In addition to the life-size sculptures, Bernini’s works include several busts of prominent figures. It was considered prestigious to capture one’s own image with the great master.

Bust of Shipione Borghese

Bust of Scipione Borghese by Bernini

The bust of the first patron was made by the master in 1632 and is in the Galleria Borghese. It is one of Bernini’s earliest works and is considered a masterpiece of lively naturalness. The folds of the garment look as if they have just been assembled. The contour lines of the face are not perfect in their relief. There were a total of two of these busts. The first turned out to have a slight marble defect in the forehead area. And in 15 days, to please the Cardinal, Bernini made a second one of the same kind, but without flaws.

Bust of Cardinal Richelieu

Bust of Cardinal Richelieu by Bernini

A 1641 marble bust of Armand-Jean du Plessis, duc de Richelieu, is now in the Musée du Louvre in Paris. The Cardinal himself was very pleased with it and paid it his most attentive tribute.

Bust of Thomas Baker

Bust of Thomas Baker by Bernini

This marble portrait was made in 1638 and today belongs to the Victoria and Albert Museum in London. The museum bought the bust in 1921 for 1480 guineas. Baker was sheriff of the East Suffolk county of England and served the court of Charles I Stuart.

Bust of Constanza Buonarelli

Bust of Constanta Buonarelli by Bernini

Constanţa Bonarelli was a lover of Bernini, but cheated on the sculptor with his younger brother Luigi. Giovanni set a trap for them and beat his brother with an iron rod. And his servant mutilated the girl’s face.

Later the traitor was banished from the city and the traitor imprisoned. Bernini was defended by Urbanus PP. VIII. The work, executed in 1634, is in the Museo Nazionale del Bargello in Florence.

Bust of Alexander (Alexander PP. VII)

Bust of Alexander VII by Bernini

The bust of Pope Alexander VII in marble and gilded bronze was in work from 1655 to 1667. Another patriarch of the Vatican was a patron of the master, and subsequently, Bernini’s work was also used to decorate Alexander VII’s tombstone. The sculpture is in the Palazzo Chigi Zondadari in Siena.

Tombstones and monuments

Bernini embodied in stone not only mythical, divine and royal figures. Some were honored by the great master even after his death.

Tombstone of Pope Alexander VII

Tombstone of Pope Alexander VII designed by Bernini in St. Peter's Basilica Vatican

Located in the Basilica di San Pietro, where the pope is buried. A stunning sculptural composition that makes an indelible impression. Work on it was completed in 1678. It stands out against the background of the general pomp of the cathedral’s decoration by its scale. Students of the master made statues of Justice, Prudence, Truth and Mercy. Bernini himself took no part in the work, apart from accepting the commission and remuneration, preparing the designs and supervising the work of the sculptors.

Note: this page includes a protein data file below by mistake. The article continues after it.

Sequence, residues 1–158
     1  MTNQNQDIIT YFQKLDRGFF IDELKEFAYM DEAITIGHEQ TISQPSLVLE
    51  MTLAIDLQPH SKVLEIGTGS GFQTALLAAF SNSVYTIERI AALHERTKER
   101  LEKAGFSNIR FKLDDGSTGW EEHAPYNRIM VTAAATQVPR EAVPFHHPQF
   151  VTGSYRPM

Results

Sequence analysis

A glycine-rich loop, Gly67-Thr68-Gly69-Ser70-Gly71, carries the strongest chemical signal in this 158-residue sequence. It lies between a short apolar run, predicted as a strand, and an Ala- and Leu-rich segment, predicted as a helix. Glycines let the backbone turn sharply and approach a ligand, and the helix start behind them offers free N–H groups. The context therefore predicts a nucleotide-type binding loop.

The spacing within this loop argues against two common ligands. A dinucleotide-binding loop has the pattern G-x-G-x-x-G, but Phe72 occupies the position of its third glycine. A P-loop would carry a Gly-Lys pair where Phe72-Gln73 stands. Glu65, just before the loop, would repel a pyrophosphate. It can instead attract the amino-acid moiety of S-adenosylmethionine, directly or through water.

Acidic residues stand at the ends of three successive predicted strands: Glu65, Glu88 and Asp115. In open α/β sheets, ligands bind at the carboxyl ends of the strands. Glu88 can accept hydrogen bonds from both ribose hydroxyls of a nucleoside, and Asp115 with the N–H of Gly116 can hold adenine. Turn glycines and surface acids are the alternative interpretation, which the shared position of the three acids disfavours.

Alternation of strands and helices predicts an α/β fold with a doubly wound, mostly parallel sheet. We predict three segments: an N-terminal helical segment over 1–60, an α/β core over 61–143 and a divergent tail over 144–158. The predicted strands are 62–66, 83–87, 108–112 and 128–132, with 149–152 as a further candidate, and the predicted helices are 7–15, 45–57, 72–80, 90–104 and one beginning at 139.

Monument to the nun Maria Raggi

The memorial is in marble and gilded bronze and was erected in 1647 on a column in the church of Santa Maria sopra Minerva in Rome. Mary was a nun from the island of Hios. Early in her widowhood, she prayed a lot and was able to perform miracles. Three of Maria’s descendants were responsible for commissioning Bernini’s work: Tommaso, Lorenzo and Ottaviano. Their names are inscribed at the bottom of the memorial.

Tombstone of Countess Matilde di Canossa

The work was erected with her students. She was the first woman to be buried in St. Peter’s Cathedral. In her ancestral castle, Pope Gregory VII (Gregorius PP. VII) hid from the French King Henry IV (Henri IV). When the monarch was deposed and excommunicated, he came to beg the pope for forgiveness in 1077. The tombstone was commissioned by Urban VIII in 1633. The following year the body of the countess was transported from Mantova to the tombstone that was erected.

Tomb of Pope Urban VIII

Tombstone of Pope Urban VIII designed by Bernini in St. Peter's Basilica Rome

The tomb of Pope Urban VIII was created by Bernini along the lines of the baroque tomb in Saint Peter’s Basilica. Urban VIII continued the construction of the basilica begun by Julius II (Iulius PP. II). He also employed Bernini, who identified a place for the pope’s tomb on the north side of the cathedral. At the center of the composition sits the Pope, dispensing blessings. On either side of him are the figures of Justice and Mercy. At the feet of the Pope, between the figures, death records the name of Urban VIII in the Book of Eternal Remembrance.


Bernini’s fountains are grand and majestic architectural structures with a storyline.

The Fountain of Four Rivers

Fountain of the Four Rivers in Piazza Navona, Rome, designed by Bernini